Matthews wasn't entirely pleased with his work Saturday against Roy, saying, "He had 19, 17, something like that, so that's not that great."
It was 19, a smidgen below his season average — but the fact that only four of Roy's points came on 2-for-4 field shooting during an opening quarter in which the Jazz got off to an early 15-point lead helped them roll by the Blazers.
"I thought he did a great job on Roy, because Roy hit some tough shots," Williams said. "He (Matthews) does a good job of staying in front of his man, he does a good job of helping everybody else out, which is equally important."
"(Roy) is a prolific scorer," Boozer said. "So for (Matthews) to do a great job on a guy like that, we can count on him to do that same job on anybody."
"I think first it's the mindset, the willingness," Williams said. "You have to want to play defense, you have to want to stop people in order to be a good defender — because some of the best defenders weren't the best athletes. They just were determined to stop people."
Matthews suggests it's all about thinking defense first.
"Not I've got to hit this shot, I've got to make this play on offense," he said. "You have to be willing to put all your energy on defense, and then whatever happens on offense happens."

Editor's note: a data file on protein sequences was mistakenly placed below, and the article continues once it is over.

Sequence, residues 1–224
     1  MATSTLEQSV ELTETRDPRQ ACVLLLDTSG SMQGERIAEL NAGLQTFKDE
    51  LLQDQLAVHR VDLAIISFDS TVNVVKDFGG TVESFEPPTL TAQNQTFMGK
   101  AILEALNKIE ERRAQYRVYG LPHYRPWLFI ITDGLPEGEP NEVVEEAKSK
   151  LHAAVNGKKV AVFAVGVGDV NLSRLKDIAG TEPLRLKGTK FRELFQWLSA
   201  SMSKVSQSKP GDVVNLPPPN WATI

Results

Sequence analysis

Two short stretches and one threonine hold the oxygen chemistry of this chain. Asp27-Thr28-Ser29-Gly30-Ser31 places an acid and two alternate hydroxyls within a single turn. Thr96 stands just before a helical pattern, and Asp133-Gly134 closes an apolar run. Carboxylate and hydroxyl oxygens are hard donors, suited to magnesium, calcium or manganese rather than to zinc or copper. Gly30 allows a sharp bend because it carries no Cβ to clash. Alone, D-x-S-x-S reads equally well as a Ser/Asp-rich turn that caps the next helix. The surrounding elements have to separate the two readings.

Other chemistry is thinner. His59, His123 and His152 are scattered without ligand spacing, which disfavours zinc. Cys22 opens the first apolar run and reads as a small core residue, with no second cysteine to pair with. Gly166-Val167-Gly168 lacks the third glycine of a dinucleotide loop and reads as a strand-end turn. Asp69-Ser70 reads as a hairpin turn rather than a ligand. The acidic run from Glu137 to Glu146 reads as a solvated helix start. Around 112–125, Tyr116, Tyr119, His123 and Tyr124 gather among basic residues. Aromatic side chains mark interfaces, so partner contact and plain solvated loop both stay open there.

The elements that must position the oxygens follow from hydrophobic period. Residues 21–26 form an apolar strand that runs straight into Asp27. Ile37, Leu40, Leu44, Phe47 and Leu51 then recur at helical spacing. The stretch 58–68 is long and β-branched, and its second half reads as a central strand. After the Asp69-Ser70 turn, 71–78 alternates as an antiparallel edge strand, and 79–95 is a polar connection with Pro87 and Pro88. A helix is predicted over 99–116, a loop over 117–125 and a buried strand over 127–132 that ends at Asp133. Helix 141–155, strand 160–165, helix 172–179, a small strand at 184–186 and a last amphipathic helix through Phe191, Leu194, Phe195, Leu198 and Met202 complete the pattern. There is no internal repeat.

But Sloan lauds Matthews' physicality, balanced by a knack for avoiding fouls often called quickly on NBA rookies.
"He tries to guard guys. He tries to get up and take some of the slack up, so they don't have as much space," the Jazz coach said. "He works hard to get over screens, and that's a big thing about playing (shooting guard or small forward).
Every night you play, you're gonna have somebody running off of screens and you have get up and guard them; otherwise, you give them wide-opens shots, and most guys can make those shots."
"He's not afraid to use his body," Sloan added. "He sticks his chest out there. ... He looks like he kind of loves contact, so that's a real plus for him. ... He has the ability to stick his nose in."
Because he does, Matthews — until someone overtakes his place atop of the all-important report-card curve, if they indeed do — can hold his head high.
"They all want it," he said of teammates.
"I don't' want to give it up. There's a lot of pride that comes with it," Matthews said. "Everybody on this team is a competitor, and I'm going to try to stay on top as long as I can."
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